Affirmative action perpetuates biased practices instead of ending them. Most employers that have to hire minorities to fill some sort of quota are not concerned with the qualifications of applicants, but are merely filling a requirement in order to keep their own jobs. This, in turn, creates even more problems when the person doing the hiring is not the one to which the applicant will directly report. Take for example, gender equality, where a woman is expected to perform the same as a man. There are certain positions in which masculinity is expected, such as a fireman. It is difficult to imagine a woman rushing into a burning building to save an infant. It is also difficult to imagine a woman stabbing a bayonet into an enemy soldier's throat, in order to survive. There should be boundaries for these types of solutions. Instead of taking a good idea to the extreme, there needs to be a practical analysis done prior to any implementation efforts.
If there were not enough racial tension in the air, the general public's idea of affirmative action brings about additional tension and/or hostility. There are several racist groups in the United States of America that are simply looking for an excuse to start another civil war. While everyone is concerned with terrorists overseas, these groups are plotting and devising their own revolutions. Affirmative action not only feeds the fires, but also adds to the height of racism. Victims of reverse discrimination will often become racist in defense of their own needs. Unfortunately this much too frequent occurrence creates the very thing that affirmative action was designed to eliminate. The answer to these racial tensions is in unification - not segregation. The goal must be to become one society with equal people regardless of color, sex, or religious preference.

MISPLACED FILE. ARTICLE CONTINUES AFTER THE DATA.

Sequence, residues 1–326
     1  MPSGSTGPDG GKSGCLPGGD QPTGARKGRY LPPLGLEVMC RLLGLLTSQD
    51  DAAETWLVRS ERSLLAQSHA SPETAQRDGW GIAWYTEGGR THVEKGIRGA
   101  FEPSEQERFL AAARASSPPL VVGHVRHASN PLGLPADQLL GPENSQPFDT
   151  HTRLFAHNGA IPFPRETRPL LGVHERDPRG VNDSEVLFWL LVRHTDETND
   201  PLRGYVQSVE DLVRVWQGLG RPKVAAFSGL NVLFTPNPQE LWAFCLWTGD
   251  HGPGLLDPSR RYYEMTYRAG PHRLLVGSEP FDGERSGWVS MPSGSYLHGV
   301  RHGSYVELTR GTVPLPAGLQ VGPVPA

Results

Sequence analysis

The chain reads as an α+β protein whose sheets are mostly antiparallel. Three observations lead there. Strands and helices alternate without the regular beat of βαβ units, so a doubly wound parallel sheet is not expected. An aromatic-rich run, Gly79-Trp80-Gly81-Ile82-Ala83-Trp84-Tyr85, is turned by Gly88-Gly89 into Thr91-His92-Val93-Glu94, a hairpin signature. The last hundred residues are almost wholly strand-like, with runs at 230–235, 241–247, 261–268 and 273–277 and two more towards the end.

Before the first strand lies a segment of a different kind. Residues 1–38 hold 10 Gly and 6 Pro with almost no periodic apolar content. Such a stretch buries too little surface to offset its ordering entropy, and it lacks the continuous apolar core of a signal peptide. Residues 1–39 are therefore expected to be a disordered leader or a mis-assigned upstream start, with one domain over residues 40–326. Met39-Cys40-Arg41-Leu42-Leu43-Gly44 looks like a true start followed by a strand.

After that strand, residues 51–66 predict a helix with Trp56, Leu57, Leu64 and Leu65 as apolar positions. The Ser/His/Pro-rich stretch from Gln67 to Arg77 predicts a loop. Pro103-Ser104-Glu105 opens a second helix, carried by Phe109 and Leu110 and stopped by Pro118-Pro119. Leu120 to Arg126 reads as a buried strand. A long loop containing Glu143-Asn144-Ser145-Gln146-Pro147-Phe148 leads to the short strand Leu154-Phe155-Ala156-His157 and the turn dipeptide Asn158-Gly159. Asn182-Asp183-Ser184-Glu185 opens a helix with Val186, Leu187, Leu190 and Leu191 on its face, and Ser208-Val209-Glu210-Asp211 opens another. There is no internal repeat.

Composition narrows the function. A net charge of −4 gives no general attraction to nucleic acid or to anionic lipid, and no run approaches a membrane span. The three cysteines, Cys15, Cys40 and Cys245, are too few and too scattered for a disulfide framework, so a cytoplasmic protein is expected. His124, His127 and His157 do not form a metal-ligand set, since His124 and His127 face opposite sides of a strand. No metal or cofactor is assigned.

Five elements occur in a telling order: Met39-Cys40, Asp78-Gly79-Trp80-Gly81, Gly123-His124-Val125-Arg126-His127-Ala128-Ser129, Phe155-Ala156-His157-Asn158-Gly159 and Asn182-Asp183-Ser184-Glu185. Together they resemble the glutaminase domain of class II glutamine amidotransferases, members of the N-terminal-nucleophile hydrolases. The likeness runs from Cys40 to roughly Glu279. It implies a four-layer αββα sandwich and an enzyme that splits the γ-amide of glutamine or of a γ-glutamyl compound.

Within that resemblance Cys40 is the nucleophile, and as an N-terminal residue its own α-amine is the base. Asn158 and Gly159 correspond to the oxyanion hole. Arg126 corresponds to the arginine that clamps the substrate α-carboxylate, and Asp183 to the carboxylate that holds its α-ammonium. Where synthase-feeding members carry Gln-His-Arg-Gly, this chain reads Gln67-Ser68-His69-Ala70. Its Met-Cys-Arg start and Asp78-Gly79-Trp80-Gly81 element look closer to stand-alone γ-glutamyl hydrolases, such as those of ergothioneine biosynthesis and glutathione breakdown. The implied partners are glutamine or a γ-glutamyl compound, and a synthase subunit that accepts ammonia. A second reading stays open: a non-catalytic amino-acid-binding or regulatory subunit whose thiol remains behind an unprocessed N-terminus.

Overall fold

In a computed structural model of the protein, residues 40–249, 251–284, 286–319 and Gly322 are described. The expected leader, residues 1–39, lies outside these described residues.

Once again, to reiterate, employers need to hire due to quality - not minority. When employers seek only to hire for minority, they lose a lot of things. First, they lose their own personal integrity by succumbing to the controlling body and denying themselves any control in the hiring process. Secondly, they lose the quality of work that they would have received if they had hired on the basis of merit. Finally, they generally lose because they are procreating the very problem that they are trying to eliminate - "discrimination."
Affirmative action Legislation and Regulation